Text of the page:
Metro Al Madina
This unique venue popped out of the genius mind of its owner Hisham Jaber, who forged its identity mostly around the idea of cabaret shows reviving tales from our hidden Oriental cultural heritage. Located two stories underground, it succeeds in transporting audiences in a completely different timeline. It has also become the home of Abdel El Karim Shaar, one of the few safe-keepers of Tarab music. Metro is also a place for the wildest Arab artists to perform, including Maurice Louca, Tamer Abu Ghazaleh or Islam Chipsy, and for the most heated DJ sets by El Wad Na3Na3.
Jisr El Wati
For the past five years, this previously desolated area right next to the Sunday market has become a true cultural hub since the opening of the Beirut Art Center, a contemporary art space for cutting-edge exhibitions and a regular music series. Some memorable concerts have been held there, as well as audio-visual performances from Jerusalem In My Heart, Wormholes and Phill Niblock. BAC was quickly followed by Ashkal Alwan’s Home Works Academy, a one-of-a-kind school for contemporary artists and a biannual festival. And last came Station, a very eclectic venue that can host markets and well as rock concerts and electronic music parties.
Photo by Jisr El Wati.
Praed is the project of Raed Yassin and Paed Conca. It was founded in 2006 and played its second concert at Irtijal. Since then, Paed has settled in Beirut permanently and the duo has developed a very special sound based on samples from Egyptian Shaabi music with the addition of electronics, synthesizer, clarinet, voices and electric bass. The result is almost to Shaabi what punk is to rock: a heavily pulsed, trance-inducing continuum to make you dance, or laugh, or cry.
Karkhana is a new ensemble project that we started in 2014 with the very ambitious aim to bring together elements from the three major experimental music scenes of the area: Istanbul, Beirut and Cairo. This is a much-needed initiative, not only in terms of creating bridges between us, but also finding the common ground on which our practices are based, building on them and finding a special sound for the band. We’re trying to develop a “free Middle Eastern music,” so to speak. Mobility is a major issue in this area of the world. Not only is it hard to travel for many because of budget and visa issues, but we also usually end up going back and forth to Europe. Lebanon has proven over the years to be a good landing point for regional artists as well, and we hope this will extend to Cairo, Istanbul and beyond.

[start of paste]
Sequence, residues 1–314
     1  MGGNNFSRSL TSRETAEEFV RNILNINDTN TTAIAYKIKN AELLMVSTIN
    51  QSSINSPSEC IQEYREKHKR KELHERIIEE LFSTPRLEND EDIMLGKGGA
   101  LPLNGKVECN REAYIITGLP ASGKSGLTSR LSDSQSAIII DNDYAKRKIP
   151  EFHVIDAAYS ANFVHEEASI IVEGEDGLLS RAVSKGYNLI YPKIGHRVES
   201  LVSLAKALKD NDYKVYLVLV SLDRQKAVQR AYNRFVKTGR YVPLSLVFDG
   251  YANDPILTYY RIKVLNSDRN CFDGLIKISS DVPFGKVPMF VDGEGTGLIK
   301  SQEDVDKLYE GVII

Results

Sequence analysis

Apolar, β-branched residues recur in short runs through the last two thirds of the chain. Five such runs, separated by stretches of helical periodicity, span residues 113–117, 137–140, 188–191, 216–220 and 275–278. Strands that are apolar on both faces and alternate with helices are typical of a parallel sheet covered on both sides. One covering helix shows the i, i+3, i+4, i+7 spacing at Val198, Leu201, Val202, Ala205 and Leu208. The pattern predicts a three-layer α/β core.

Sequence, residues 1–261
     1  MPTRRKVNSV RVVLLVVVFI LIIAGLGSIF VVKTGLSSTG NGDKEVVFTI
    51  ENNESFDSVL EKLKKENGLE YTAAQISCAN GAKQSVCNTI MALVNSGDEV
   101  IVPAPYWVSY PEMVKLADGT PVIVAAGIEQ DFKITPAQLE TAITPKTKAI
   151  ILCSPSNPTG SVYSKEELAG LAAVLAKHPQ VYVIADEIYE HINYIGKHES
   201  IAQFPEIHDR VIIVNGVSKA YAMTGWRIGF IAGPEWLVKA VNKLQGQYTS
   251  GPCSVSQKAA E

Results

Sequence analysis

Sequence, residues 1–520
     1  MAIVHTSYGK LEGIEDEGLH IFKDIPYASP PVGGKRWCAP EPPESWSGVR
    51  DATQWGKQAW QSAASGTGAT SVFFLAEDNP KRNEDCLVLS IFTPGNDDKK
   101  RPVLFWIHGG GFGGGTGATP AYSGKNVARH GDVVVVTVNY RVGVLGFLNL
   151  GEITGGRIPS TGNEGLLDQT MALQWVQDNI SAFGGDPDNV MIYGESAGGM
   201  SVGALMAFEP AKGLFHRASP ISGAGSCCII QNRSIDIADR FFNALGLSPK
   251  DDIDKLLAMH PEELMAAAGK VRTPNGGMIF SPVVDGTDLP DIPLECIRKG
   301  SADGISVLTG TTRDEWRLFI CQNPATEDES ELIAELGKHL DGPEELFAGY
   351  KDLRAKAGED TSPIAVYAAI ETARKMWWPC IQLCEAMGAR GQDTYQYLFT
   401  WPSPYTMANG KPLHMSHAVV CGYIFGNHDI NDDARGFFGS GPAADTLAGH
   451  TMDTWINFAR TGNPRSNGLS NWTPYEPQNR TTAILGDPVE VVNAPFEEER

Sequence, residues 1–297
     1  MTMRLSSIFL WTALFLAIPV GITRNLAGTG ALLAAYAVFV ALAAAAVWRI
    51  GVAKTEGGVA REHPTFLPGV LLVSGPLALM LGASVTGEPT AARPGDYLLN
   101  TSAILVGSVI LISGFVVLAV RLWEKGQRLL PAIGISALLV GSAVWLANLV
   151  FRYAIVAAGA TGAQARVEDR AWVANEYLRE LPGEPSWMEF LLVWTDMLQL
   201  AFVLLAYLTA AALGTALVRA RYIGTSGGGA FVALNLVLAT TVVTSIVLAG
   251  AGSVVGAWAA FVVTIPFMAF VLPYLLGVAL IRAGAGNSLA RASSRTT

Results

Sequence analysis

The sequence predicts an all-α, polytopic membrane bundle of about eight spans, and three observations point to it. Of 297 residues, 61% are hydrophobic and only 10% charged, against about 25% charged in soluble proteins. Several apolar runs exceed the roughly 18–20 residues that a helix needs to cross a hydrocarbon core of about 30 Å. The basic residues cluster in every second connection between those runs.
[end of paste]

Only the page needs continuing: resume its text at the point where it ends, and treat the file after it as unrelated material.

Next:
Since 2007, The Incompetents have discreetly imposed themselves as one of the most creative bands in the country. They still operate slightly below the radar; they play music that aims towards pop-rock but has a tendency to unnerve and displease many. Followed by a dedicated base of friends and fans, they insist on forging their own path. From the Beefheartian background of their singer Serge Yared to the folk roots of guitarist Fadi Tabbal comes a disjointed group that includes notable improvisers such as Stéphane Rives and Paed Conca. Their shows are always playfully funny, filled with surprises and very hard to perform, despite an apparent nonchalance.